Dear Technical Support,
I recently bought one of your new digital TV sets from a bloke in a van. At first I was very pleased with it but now I am beginning to think it has a virus.
I installed the twenty minute trial version of Norton Safe View, as recommended in the instructions. It scanned my TV Times and assured me that no dangerous or malicious programs were due to be transmitted that day. I installed the ballet filter and the party political broadcast blocker and settled down to watch my favourite quiz show.
Two minutes later I was interrupted by a pop-up reminding me to pay my TV licence. I pressed the 'cheque in the post' button. The TV then demanded that I register my set. After that I was prompted to install Microsoft Genuine Advantage, which would permanently disable my set if I hadn't paid them any money recently. I refused, but the demand just reappeared, telling me that it would benefit me greatly to have my TV destroyed if it proved to be unprofitable to Microsoft. In the end I did what it asked.
After all that I thought I needed a little treat, so I visited one of the porn channels. Norton Safe View immediately warned me that the channel was dangerous, said that my two hour trial had expired, and informed me that I was in deadly danger of venereal disease and genital warts unless I bought a year's subscription. At that point the TV crashed, which is science talk for 'went all funny'.
When I re-booted my set, which is science talk for 'turned it back on', I couldn't get anything but cooking programs. No matter what channel I selected, I found myself being grinned at by a pair of fat, hairy idiots making fatuous remarks about mums knowing best and talking in silly voices about pies from the olden days.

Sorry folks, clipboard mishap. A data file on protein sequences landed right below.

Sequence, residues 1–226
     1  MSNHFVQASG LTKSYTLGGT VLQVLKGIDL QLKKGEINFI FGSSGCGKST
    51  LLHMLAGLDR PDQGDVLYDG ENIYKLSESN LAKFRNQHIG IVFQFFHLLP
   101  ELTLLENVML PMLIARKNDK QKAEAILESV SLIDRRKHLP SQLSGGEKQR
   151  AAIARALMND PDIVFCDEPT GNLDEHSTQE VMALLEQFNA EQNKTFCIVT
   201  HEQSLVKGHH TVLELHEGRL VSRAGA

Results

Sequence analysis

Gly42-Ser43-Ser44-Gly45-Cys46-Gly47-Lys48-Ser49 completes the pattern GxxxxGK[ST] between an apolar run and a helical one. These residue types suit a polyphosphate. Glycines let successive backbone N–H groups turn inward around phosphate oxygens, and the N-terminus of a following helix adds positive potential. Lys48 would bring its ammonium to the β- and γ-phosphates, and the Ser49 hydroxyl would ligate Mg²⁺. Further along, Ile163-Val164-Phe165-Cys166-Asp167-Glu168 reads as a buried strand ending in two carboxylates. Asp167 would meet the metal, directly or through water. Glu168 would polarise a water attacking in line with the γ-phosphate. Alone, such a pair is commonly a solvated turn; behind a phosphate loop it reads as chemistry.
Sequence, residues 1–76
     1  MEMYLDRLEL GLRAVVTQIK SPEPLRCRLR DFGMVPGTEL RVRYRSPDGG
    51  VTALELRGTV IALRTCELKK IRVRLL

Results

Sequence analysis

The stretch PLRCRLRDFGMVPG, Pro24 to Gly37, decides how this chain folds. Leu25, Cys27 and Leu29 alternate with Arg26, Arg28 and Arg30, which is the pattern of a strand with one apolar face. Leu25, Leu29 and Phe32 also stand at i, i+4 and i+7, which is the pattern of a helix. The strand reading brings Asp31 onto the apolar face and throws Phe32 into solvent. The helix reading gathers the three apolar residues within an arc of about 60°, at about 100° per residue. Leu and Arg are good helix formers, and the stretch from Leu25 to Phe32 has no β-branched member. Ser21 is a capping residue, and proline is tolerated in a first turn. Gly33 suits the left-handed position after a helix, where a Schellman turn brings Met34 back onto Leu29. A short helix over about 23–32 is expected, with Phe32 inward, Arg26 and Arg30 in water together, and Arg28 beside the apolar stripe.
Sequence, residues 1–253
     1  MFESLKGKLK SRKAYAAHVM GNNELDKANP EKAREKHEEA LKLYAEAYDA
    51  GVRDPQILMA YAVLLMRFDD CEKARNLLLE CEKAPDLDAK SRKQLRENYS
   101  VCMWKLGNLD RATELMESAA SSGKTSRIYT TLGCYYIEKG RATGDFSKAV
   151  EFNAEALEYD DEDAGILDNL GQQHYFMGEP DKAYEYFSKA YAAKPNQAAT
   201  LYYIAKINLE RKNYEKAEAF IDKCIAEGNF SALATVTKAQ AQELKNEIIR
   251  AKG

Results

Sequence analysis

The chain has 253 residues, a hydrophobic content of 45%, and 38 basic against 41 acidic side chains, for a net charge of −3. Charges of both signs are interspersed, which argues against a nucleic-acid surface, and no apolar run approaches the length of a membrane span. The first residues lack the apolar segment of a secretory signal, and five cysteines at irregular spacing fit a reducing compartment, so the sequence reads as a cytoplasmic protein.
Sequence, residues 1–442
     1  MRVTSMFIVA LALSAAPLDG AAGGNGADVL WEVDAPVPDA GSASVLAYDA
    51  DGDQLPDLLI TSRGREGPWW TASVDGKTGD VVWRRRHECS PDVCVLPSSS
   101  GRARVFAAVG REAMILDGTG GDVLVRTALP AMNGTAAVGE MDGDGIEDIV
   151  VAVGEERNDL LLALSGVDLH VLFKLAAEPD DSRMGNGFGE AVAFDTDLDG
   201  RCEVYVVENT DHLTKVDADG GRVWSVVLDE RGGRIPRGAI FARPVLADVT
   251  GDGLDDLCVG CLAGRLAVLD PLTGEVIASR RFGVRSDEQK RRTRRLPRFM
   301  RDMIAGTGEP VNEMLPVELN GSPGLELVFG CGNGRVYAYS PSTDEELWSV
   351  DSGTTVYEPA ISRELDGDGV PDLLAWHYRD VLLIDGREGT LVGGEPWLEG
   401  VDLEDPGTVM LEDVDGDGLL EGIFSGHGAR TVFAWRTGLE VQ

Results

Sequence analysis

Since then I've had no better luck. Tonight I watched a bald greengrocer and an earnest cafe owner called Kanga Roux Junior telling some cooks why their food wasn't very nice. One of them cooked a wrong dinner and had to go home. Another made an okay dinner and the bald grocer told him it was almost as good as a Big Mac, and that if the cameras weren't on he'd have snaffled up the lot to save on his lunch allowance. Kanga Roux told him solemnly that his food was upside down and the sauce was a bit damp.
Outside they filmed the sent home cook to see if he would cry. He said he'd given it one hundred and ten percent, which was the whole problem in my opinion. It was ten percent too much and the extra would have fallen off the edge of the plate. The judges can tell things like that just by looking on the floor.
Later a woman came in and made faces at the cooks while they each had a go at chopping up a dead fish and making it into food. Sometimes the greengrocer made faces too, and sometimes he looked meaningfully at the woman, as if they had just witnessed an explanation of why soldiers have to go and fight a war in Afghanistan.
At the weekend I saw James Martin, lead singer with Coldplay, ask a visiting TV soap actress whether she'd like him to cook her favourite meal or something she really hated. I had my suspicions about which she would choose but I had to wait until later in the program to find out.
Come to think of it, just forget this letter. Without the virus I'd never have known cooking programs could be so interesting.